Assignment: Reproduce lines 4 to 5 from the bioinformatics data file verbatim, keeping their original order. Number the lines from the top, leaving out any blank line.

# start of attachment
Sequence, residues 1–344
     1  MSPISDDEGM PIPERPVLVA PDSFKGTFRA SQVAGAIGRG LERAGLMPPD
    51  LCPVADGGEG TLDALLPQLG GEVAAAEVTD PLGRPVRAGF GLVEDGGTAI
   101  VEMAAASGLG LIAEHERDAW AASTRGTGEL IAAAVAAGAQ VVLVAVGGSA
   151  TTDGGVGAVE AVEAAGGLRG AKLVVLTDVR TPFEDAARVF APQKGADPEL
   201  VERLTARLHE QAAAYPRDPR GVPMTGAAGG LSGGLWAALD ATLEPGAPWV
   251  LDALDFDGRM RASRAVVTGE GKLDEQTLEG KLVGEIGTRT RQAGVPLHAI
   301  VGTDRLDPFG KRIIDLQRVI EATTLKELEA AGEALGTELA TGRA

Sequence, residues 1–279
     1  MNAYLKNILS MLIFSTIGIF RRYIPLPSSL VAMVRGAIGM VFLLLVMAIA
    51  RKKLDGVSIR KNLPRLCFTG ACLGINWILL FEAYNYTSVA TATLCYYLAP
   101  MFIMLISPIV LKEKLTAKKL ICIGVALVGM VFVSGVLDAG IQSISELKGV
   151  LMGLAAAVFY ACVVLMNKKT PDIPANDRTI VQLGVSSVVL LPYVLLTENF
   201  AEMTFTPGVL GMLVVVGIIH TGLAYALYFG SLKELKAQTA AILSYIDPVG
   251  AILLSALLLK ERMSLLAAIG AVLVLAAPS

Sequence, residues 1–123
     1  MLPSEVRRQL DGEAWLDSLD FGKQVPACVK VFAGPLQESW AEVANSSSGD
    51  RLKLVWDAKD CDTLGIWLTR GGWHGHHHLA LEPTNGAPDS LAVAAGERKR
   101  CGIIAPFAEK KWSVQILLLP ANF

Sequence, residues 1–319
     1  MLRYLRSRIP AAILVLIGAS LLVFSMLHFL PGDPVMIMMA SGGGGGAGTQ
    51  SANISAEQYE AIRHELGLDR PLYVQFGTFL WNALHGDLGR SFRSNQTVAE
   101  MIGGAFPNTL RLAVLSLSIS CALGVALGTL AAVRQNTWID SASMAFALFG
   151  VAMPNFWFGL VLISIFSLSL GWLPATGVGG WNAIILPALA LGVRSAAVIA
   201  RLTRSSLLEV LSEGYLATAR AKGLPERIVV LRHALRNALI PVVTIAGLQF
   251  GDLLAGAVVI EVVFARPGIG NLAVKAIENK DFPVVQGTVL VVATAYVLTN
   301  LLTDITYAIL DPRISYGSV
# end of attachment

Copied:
   101  VEMAAASGLG LIAEHERDAW AASTRGTGEL IAAAVAAGAQ VVLVAVGGSA
   151  TTDGGVGAVE AVEAAGGLRG AKLVVLTDVR TPFEDAARVF APQKGADPEL